• 7. 5 share this whitepaper relationships, deep engagement The goal of engagement is to build and strengthen relationships with and between your customers. Building any relationship, however, requires interacting with the other party. You can’t bring your social customers home with you like a team of enthusiastic new recruits, run off to the office for a week, and then expect them to wear your jersey or go to bat for you. You must faithfully, consciously interact with them in order to get them to respond to you, know and value you just as you do in return. Interactions are much harder to maintain than connections because they require persistent actions over time. Social networks determine who connects with whom, but they don’t determine who interacts with whom, or how. That’s up to the social customers themselves—and what drives those interactive decisions is their own personal inspiration. Your job is to find out how to tap into that inspiration. Strong and Weak Ties—We Need Both Not every relationship within a social network is equally strong or reciprocated. We all have a range of relationship strengths and interaction depths. This is what we mean by tie-strength. Some relationships in social networks are strong and some are weak depending on your relationship with that person. In social networks, we need both. Weak ties give your messages reach, helping you to reach a wider audience. By virtue of their diversity and sheer number, weak ties tend to propagate brand messages further and to more disparate parts of the social network. Strong ties, on the other hand, are what lead to loyalty, repeat purchases, persistent consumption and ultimately, advocacy.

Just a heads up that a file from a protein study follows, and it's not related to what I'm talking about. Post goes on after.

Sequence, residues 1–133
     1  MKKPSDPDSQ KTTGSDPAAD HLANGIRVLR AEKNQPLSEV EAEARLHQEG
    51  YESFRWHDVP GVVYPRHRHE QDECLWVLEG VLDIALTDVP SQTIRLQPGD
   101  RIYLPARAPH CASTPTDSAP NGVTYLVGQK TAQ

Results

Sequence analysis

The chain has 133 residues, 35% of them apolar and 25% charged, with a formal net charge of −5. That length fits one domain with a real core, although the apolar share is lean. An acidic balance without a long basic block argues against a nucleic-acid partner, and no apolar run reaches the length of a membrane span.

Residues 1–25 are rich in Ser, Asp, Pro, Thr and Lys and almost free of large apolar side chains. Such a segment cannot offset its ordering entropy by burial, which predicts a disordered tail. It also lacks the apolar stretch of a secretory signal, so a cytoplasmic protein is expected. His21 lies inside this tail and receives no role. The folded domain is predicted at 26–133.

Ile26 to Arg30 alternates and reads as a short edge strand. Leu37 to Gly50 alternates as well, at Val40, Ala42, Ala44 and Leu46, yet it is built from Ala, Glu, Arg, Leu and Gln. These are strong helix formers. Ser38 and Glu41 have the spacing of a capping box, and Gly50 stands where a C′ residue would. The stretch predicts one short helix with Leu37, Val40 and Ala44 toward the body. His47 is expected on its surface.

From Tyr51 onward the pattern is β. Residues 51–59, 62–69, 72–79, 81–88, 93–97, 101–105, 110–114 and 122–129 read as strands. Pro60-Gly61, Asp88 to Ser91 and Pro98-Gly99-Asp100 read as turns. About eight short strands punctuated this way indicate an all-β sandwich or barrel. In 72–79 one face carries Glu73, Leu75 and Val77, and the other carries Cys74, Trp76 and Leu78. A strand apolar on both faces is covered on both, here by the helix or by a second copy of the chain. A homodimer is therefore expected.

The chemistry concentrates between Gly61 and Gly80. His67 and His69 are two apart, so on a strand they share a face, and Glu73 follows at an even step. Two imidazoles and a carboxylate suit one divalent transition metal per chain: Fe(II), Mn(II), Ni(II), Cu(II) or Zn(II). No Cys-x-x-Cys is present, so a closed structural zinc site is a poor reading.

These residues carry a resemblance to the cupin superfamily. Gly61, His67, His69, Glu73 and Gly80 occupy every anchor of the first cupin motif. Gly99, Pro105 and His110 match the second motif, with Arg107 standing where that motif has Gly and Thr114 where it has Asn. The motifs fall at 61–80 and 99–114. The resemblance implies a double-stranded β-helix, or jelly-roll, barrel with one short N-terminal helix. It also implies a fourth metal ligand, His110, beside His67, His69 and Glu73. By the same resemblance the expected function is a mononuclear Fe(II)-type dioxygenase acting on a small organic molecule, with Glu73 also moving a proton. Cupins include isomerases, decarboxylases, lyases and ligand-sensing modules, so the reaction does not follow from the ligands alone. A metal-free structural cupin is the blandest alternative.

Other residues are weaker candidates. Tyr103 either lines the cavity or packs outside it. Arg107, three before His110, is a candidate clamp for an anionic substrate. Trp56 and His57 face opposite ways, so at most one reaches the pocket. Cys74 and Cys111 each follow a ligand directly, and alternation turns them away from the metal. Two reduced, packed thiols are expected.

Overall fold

• 8. 6 share this whitepaper Here are the pillars of a basic social strategy for strengthening relationships with (and between) your customers. 1. Time Time spent together increases tie strength. Most importantly, the desire to spend time together has to be mutual. Strategy: Know when your customers want to spend time with you and be there for them. 2. Intensity Intensity is the most difficult component to control. The intensity a customer feels for a brand will always be less than it is for a friend, however, when you tap into your customers’ passions, finding topics they care about, your chances for creating that intensity improve. Strategy: Appeal to greater causes—things that have higher meaning that your customers feel strongly about—not just for your brand. 3. Trust Transparent communication channels create an environment that’s more conducive to building trust. In this case we’re talking about two types of transparency: B2C—business-to-customer (your outbound messages on social channels), and C2C— customer-to-customer (peer-to-peer community discussions). Also, because people trust themselves, they tend to trust brands that co-create with them. Here we’re talking about two types of co-creation: passive co-creation (listening and collecting customer input), and active co-creation (crowdsourcing and collaboratively filtering customer- generated ideas). Strategy: Create transparent and authentic communication channels to and among customers, and co-create with them. 4. Reciprocity Reciprocity means two-way reciprocal services—both from B2C, and from C2C. Your job is to make it easy for your customers to help other customers of yours, and then to reward them properly. Strategy: Let your customers help you—and one another! A small investment from the customer is valuable in building deeper relationships, but it must be voluntary. how to build stong relationships with customers